|Golf Equipment Buyer's Guide|
Harvey's Quick Tip: If you have a bad grip, you don't want a good swing. With a bad grip you have to make unattractive adjustments in your swing to hit the ball squarely.
There is more than one way to grip a golf club. However, finding the right grip for yourself can require a lot of patience and some practice, either on your own or with the assistance of a qualified teaching professional. Harvey Penick stressed the importance of finding that perfect grip more than almost any other golf instructor, but even he would not make a change unless the student was committed to improve.
No two golfers are exactly alike, so there is more than one way to grip a club. The perfect grip does not exist, but there is a perfect grip for every golfer.
The most common grip is the overlapping grip, with the little finger of the right hand on top of, or hooked around, the index finger of the left hand. This grip works well for players with large, strong hands. The interlocking grip, with the index finger and little finger laced together, is better for those with short fingers and/or small hands. Many golfers also use the 10-finger grip, which means that all the fingers are placed on the grip of the club. This method works well for those who lack hand strength. It is also usually preferred by those who have played baseball, because it is similar to the way a bat is held.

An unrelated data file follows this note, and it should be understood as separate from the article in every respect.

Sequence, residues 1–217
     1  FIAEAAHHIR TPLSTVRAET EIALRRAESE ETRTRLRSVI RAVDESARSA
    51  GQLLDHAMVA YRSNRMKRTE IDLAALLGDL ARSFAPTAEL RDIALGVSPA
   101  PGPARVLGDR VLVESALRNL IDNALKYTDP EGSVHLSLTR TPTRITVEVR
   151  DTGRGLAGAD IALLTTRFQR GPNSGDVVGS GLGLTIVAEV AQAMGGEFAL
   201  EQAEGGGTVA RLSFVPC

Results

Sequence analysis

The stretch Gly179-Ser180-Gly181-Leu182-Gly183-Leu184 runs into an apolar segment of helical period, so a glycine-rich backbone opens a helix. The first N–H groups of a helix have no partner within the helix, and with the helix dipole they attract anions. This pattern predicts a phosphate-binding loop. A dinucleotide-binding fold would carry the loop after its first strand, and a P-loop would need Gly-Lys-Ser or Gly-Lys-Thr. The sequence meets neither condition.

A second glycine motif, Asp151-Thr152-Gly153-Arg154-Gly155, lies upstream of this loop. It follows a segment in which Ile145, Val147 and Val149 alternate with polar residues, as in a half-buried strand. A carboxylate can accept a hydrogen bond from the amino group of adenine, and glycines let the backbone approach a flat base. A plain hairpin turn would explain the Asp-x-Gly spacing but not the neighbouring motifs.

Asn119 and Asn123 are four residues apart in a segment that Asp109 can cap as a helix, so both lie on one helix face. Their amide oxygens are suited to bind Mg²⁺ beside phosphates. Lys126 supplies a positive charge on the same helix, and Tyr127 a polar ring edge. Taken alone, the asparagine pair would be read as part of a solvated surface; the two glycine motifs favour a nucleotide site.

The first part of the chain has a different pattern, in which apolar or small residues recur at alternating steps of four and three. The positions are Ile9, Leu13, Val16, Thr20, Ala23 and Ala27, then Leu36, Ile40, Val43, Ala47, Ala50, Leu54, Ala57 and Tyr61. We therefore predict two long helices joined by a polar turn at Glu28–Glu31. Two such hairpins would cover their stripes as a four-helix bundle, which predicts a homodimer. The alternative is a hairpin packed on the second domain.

Most golfers choose a grip based on what feels right or by copying someone else's grip, but Mr. Penick believed that a strong grip, with the left hand turned to the right so that the “V” formed by the thumb and the back of the left hand pointing toward the right shoulder, was best for the average golfer. This grip is also used by most of the best golfers in the world since it promotes distance and control.
One of the problems many golfers have with the grip is the word itself. Gripping implies tension and tension ruins the best of swings. Mr. Penick preferred the word “place.”
The best way to place your hand on the club is to let your arm hang at your side and have the club rest in your fingers without turning your hand under the club. Now, place the club in front of you. The top inch of the grip should be supported by the bottom of your hand and your wrist is on top of the club. You should see two or three knuckles, and your thumb will be right of center on the club without a gap between it and the back of your hand.
To place your right hand on the club, extend your arm as if to shake hands and place the left thumb along the lifeline running across the middle of your right hand. Now, gently wrap your fingers around the club. Your right thumb should be on top of or slightly to the left of the center on the grip. Again, there should be no gap between your thumb and the back of your hand, and the “V” should point to your right shoulder.
A strong grip allows your hands to naturally square the clubface while you freely swing your arms. Mr. Penick said it best, “If you have a bad grip, you don't want a good swing.”
This tip can be found on Page 30 of Harvey Penick's Little Red Book.